Annick (my 28 year old sister) came down to NYC, from Boston, for a day visit. It was one of those warm, cerulean days between Christmas and New Years. Annick’s in a surgical residence, in a pandemic, but still somehow, she got away.
We’re dining on a shaded, outdoor, sundeck - I arrived first, by a moment but then the elevator opened and Annick emerged, looking like a model - familiar but I don’t know - more completely adult - more than ever like my mom. It was all I could do not to weep for happiness when we hugged.
After that long hug, Annick gave my clothes a slow, censorious looking-over. When my mom and I shopped for “school clothes” last year, in Paris, I bought some stunning designer (Anna Molinari) clothes - only to find out they were completely out of place at Yale. Now they’re sentenced to a trunk under my bed and my replacement clothes are from FatFace and Patagonia. Ordinary clothes, bought for their ordinariness.
I’ve been dressing to disappear but I wanted her to see a “new me.” How I’ve survived in a rough, academic country - not just survived - but thrived. I also wanted her to think her sister was beautiful and hoped I didn’t seem too strange. She cupped my chin - just like my mom does - “You look wonderful,” she said.
Annick mentioned we’d have company for lunch but she was alone - then this tall, fair-haired, man was with us. He slipped his arm around Annick’s waist and they smiled, together. I’d never met one of Annick's boyfriends before so this was a little disconcerting - part of me wanted to pull her away and say, “MINE!”
Annick made the introductions, “Anais, this is Gerard - Gerard, Anais.” Gerard leaned into la bise then half hugged me, patting me bearishly on the back. I decided he was too tall and too handsome and began to examine him for flaws.
He wore a dark-charcoal-gray cashmere suit with a light-gray oxford-cloth shirt. “Are you always so dapper?” I asked? “I wanted to look substantial,” he said, with a very slight French accent. He held me at arm’s length. “You’re definitely sisters,” he said, smiling.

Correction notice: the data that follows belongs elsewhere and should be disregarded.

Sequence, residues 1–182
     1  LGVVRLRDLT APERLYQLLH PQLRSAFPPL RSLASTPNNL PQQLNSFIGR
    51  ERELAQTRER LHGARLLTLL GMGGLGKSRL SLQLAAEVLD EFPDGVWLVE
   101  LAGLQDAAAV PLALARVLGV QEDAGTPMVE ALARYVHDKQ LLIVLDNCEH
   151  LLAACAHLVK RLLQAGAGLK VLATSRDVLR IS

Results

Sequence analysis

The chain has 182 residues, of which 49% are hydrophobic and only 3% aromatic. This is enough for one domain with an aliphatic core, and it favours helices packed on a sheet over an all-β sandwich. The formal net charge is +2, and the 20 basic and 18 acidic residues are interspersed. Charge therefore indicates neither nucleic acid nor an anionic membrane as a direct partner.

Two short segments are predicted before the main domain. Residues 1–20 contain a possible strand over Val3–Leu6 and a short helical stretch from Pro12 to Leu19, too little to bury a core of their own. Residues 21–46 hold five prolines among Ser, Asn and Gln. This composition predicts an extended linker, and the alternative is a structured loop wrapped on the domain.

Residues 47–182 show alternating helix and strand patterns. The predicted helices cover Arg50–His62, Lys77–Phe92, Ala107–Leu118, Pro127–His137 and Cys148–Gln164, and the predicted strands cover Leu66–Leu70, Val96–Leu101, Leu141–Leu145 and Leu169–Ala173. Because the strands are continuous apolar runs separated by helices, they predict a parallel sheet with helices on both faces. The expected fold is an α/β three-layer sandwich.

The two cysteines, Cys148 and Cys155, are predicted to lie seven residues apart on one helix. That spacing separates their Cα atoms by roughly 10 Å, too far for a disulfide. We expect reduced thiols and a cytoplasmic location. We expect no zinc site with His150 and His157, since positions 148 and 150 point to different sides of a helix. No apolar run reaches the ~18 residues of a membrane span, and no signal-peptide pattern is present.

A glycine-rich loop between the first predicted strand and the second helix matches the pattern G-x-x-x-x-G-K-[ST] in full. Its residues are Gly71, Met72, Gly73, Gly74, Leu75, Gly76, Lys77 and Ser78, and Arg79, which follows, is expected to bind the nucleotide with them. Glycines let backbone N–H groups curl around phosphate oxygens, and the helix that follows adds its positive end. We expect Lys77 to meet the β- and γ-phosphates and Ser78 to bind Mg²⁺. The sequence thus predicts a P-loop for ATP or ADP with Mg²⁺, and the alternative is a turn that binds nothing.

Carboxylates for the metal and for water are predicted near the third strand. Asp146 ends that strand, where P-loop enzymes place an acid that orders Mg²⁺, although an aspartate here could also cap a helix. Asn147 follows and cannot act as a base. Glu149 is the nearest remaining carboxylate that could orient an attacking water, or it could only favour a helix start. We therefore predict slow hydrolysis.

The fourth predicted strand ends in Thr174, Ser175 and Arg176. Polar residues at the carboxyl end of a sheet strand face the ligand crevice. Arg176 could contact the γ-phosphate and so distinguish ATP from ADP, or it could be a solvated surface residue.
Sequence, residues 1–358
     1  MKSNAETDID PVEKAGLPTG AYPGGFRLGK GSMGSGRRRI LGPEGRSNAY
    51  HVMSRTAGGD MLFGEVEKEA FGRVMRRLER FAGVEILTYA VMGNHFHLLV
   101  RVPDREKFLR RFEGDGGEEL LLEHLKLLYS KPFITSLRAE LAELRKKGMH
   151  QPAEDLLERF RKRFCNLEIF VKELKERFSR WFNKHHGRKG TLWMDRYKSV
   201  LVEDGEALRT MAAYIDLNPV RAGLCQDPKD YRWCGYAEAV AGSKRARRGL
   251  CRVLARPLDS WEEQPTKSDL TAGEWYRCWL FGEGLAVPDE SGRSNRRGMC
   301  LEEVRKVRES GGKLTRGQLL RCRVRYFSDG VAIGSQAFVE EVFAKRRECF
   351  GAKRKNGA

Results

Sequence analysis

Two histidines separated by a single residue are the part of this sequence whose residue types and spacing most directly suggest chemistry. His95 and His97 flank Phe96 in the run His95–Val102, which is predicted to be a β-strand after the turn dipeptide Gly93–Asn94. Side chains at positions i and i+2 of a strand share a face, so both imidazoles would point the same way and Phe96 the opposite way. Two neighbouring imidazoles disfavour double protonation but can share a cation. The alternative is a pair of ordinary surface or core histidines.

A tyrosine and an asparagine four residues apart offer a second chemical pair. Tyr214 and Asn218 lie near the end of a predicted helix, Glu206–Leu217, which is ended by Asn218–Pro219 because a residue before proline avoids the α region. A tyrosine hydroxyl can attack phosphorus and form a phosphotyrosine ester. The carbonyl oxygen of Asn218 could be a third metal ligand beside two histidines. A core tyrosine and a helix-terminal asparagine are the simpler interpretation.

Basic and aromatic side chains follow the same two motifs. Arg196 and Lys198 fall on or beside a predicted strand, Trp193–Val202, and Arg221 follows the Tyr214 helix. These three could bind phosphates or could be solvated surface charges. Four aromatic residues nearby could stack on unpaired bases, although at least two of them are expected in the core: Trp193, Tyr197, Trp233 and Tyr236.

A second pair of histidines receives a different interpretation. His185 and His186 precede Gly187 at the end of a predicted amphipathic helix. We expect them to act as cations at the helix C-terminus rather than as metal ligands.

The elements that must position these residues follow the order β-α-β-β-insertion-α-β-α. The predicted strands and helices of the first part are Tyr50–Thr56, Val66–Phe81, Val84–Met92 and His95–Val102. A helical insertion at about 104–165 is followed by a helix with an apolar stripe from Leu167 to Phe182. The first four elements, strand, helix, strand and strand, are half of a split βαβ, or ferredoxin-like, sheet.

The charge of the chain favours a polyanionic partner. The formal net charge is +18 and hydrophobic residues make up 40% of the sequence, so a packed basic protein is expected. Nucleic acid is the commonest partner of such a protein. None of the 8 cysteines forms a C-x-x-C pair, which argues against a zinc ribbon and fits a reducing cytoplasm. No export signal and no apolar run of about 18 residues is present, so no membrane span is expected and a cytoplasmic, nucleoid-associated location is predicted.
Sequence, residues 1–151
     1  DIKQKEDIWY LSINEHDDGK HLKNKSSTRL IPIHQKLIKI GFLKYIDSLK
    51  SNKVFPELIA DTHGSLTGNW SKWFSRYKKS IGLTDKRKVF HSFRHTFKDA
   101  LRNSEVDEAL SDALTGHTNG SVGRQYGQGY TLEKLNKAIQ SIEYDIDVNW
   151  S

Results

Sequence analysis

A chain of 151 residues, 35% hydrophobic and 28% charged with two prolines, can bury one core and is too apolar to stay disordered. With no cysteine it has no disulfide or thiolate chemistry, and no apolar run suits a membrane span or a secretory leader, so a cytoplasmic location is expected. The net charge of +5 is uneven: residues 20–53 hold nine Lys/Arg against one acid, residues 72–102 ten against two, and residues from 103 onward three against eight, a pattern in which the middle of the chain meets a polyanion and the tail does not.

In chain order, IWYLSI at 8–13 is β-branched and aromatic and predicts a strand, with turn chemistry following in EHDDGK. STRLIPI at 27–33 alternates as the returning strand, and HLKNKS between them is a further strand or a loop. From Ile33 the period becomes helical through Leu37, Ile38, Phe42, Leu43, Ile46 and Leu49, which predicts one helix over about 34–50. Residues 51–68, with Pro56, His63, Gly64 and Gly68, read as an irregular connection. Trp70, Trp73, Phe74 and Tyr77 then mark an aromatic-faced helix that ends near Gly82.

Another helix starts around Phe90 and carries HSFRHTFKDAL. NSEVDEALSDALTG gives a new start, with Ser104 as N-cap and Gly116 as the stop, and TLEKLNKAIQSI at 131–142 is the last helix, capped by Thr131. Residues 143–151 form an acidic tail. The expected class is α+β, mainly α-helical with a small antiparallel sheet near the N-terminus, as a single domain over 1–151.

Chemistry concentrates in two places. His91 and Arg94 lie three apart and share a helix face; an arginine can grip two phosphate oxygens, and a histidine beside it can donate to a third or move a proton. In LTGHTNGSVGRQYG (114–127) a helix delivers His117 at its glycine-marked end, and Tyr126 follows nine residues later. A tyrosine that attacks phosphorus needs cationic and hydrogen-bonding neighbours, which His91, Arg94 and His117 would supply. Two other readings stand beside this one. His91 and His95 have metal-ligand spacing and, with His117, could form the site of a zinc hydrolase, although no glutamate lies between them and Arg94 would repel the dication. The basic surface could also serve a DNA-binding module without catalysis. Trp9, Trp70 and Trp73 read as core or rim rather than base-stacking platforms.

We settled in. At first we were a little stilted with each other, uncertain how to best introduce ourselves. Annick said that Gerard is a “Child Neurologist.” “Funny,” I said, “you look older.” and he laughed. I was warming to him.
“How’s school going?” Annick asked later, moving some of my fly-away hair out of my face - a trace of the maternal in her solicitous fussing - but I liked it.
“Easy peasy,” I said, the lie warming me like an ember or black magic.
There’s no real sibling rivalry between us. Imagine you’re Beyoncé’s sister, what are the odds that you’ll eclipse Beyoncé? Yeah, it’s ZERO.
“Ha!” she laughs, “you are such a little fibber.”
“I am NOT,” I hotly say, but my defense is ruined by my laugh. “I’m doing ok - but it’s a lot,” I say, to erase the fib.
I tried not to act stunned but I doubt I was very convincing. The news thumped me like a gust of wind. Suddenly, I knew. Our yesterdays were no more substantial than a story we’d read together growing up, that you can mourn and rejoice at the same time.
Otherwise it was a family lunch, although at first I was a bit nervous around Gerard. At one point Annick says, “What are you doing?” as the table gently quivered.
I smiled wincingly, “Making circles with my ankles,” I said.
Annick smiled knowingly.
a slice of college, Christmas holiday